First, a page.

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Kotlin Interface

In this tutorial, we will learn about Kotlin Interfaces. Interfaces in Kotlin are similar to abstract classes with some key differences.

An interface can be considered as a fully abstract class. It means by default all functions and properties of an interface are abstract.

An interface is used to define the blueprint of a class, which means we can provide the names of the function along with the complete declaration of the function including its arguments and return type, in an Interface and when any class will implement that Interface then that class will have to provide definition to those functions.

Before Java 8, only function declaration was allowed in interfaces. We could not define the body of functions in interfaces. But in Java 8, we got the functionality to add function body also. Kotlin by default provides this feature. Thus in Kotlin, functions can have a body in interfaces also.

This makes interfaces and abstract classes very similar. The key difference between abstract class and interface is: a class can only inherit one abstract class but it can inherit many interfaces. If there is need to inherit more than one classes then we can opt for interfaces.

Kotlin Interface

The syntax to define an interface in Kotlin is:

interface A{
    var x:Int       // abstract property
    fun sayHello()  // asbtract method
    fun sayBye(){   
        // Default implementation of sayBye()
    }
}

By default, all properties and functions of interfaces are abstract, unless we provide their implementation.

Kotlin: Implementing Interfaces

Interfaces are also inherited using same : operator which is used to inherit a class. Let us create a class C which inherites interfaces A and B:

// first interface
interface A{
    fun sayHelloByA()
    fun sayByeByA(){
        println("Bye from A....")
    }
}
// second interface
interface B{
    fun sayHelloByB()
    fun sayByeByB(){
        println("Bye from B....")
    }
}
// class implementing first and second interface
class C: A,B{
    override fun sayHelloByA() {
        println("Hello from overridden A....")
    }

    override fun sayHelloByB() {
        println("Hello from overridden B....")
    }
}

In this example, both interfaces A and B have two functions: one is abstract and one with default implementation. The class C inherites both the interfaces and overrides their abstract functions.

Let us create object of class C and call its functions:

fun main() {
    val c = C()
    c.sayHelloByA()
    c.sayHelloByB()
    c.sayByeByA()
    c.sayByeByB()
}


Hello from overridden A....
Hello from overridden B....
Bye from A....
Bye from B....

If two interfaces have the same function?

Suppose interface A and interface B both have a function named sayHello() with default implementations. Now if class C inherits both interfaces A and B then there will be a conflict. The class C will give an error:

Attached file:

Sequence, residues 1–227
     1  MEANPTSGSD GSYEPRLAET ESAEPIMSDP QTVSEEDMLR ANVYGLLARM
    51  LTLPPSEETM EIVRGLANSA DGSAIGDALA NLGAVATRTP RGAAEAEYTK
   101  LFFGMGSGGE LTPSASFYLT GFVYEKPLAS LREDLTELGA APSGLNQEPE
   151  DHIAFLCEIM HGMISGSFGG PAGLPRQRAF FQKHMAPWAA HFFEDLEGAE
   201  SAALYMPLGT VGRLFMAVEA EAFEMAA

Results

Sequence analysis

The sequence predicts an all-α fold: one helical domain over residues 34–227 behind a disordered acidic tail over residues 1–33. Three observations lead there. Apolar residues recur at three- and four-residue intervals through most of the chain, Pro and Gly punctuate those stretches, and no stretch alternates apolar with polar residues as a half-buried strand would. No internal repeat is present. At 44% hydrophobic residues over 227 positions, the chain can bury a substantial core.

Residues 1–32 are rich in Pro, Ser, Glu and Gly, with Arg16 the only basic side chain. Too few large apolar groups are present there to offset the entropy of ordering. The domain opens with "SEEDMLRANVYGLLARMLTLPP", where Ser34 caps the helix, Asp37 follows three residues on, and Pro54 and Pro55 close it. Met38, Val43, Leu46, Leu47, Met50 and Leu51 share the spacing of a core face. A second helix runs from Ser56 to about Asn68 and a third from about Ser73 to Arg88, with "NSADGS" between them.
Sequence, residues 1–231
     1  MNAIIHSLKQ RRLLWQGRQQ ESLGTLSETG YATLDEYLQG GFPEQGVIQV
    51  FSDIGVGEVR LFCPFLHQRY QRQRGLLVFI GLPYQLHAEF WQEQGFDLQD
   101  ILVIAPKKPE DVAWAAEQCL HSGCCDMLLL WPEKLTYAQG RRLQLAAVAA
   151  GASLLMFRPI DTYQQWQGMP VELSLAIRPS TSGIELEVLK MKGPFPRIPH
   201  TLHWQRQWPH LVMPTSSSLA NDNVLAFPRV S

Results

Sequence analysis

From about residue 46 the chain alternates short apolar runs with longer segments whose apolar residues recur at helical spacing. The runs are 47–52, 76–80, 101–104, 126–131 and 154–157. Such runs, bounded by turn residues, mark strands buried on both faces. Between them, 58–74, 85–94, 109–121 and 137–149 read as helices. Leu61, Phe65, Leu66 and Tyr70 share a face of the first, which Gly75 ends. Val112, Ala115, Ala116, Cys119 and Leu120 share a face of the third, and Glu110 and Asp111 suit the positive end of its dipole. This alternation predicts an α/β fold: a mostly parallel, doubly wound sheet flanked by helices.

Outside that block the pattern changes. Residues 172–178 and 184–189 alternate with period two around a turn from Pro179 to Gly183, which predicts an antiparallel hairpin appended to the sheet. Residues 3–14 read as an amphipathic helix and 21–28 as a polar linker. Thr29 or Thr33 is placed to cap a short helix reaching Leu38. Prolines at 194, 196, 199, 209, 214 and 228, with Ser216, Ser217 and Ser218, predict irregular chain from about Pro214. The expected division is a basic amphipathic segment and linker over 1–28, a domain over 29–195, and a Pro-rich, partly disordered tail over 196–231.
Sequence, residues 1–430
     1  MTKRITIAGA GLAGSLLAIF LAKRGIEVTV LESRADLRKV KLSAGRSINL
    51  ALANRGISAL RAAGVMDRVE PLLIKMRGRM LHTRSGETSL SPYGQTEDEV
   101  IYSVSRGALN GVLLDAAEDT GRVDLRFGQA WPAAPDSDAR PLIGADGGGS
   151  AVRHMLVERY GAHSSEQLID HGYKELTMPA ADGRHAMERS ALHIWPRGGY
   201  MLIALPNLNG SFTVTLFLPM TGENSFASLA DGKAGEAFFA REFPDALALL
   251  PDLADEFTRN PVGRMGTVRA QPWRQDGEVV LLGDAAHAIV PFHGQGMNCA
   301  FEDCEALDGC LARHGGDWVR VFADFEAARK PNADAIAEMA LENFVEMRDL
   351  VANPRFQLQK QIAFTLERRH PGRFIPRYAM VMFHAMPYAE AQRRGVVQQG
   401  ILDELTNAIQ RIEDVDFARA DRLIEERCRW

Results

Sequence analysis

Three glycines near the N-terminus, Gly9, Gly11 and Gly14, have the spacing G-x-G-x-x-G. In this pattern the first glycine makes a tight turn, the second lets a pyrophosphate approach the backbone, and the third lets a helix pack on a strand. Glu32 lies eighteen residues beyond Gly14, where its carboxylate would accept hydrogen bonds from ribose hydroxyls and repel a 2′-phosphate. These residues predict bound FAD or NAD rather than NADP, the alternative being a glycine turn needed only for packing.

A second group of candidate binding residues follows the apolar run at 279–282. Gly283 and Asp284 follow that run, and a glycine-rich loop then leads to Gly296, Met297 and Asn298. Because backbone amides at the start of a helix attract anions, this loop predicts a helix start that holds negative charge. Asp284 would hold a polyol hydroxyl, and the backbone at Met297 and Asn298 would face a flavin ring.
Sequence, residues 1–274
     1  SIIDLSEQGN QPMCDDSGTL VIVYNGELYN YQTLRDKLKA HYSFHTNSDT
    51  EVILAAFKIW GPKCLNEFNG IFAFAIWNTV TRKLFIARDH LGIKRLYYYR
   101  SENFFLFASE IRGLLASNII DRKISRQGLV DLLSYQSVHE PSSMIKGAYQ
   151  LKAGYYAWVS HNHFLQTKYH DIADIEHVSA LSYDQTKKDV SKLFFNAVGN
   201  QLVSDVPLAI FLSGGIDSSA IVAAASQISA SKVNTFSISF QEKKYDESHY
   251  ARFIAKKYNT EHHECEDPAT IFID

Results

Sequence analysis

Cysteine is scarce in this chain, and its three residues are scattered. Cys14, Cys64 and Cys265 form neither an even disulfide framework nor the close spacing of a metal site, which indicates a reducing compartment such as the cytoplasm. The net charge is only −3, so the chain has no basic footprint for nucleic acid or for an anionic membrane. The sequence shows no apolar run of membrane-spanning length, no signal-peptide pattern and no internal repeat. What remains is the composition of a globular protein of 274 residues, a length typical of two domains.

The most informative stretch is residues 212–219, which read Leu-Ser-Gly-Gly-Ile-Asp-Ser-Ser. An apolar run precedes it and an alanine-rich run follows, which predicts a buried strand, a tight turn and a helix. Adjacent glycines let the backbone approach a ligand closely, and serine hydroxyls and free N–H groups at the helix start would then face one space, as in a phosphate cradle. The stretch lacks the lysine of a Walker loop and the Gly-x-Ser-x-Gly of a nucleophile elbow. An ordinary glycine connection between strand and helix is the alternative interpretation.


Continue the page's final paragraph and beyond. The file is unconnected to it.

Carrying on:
interface A{
    fun sayHello(){
        println("Hello from A....")
    }
}
interface B{
    fun sayHello(){
        println("Hello from B....")
    }
}
class C: A,B {      // Error
    
}


Error:(11, 1) Kotlin: Class 'C' must override public open fun sayHello(): Unit defined in A because it inherits multiple interface methods of it

It is because class C got implementations of method sayHello() from both interface A and B. In order to resolve this conflict the class C must override sayHello() method and provide its implementation:

interface A{
    fun sayHello(){
        println("Hello from A....")
    }
}
interface B{
    fun sayHello(){
        println("Hello from B....")
    }
}
class C: A,B {
    override fun sayHello() {
        println("Hello from C....")
    }
}

fun main() {
    val c = C()
    c.sayHello()
}


Hello from C....

Calls A's or B's implementation:

Instead of providing our own implementation, if we want to call A's or B's implementation of sayHello() then we can call it using the super keyword and the interface name, like this:

interface A{
    fun sayHello(){
        println("Hello from A....")
    }
}
interface B{
    fun sayHello(){
        println("Hello from B....")
    }
}
class C: A,B {
    override fun sayHello() {
        super<A>.sayHello()
        super<B>.sayHello()
    }
}

fun main() {
    val c = C()
    c.sayHello()
}


Hello from A....
Hello from B....

Summary

In this tutorial, we learned about interfaces and their implementations in Kotlin. We also saw how to resolve conflict if two interfaces have same methods declaration, and we covered the order of function call in case of multple interfaces. In the next tutorial we will discuss about nested and inner classes.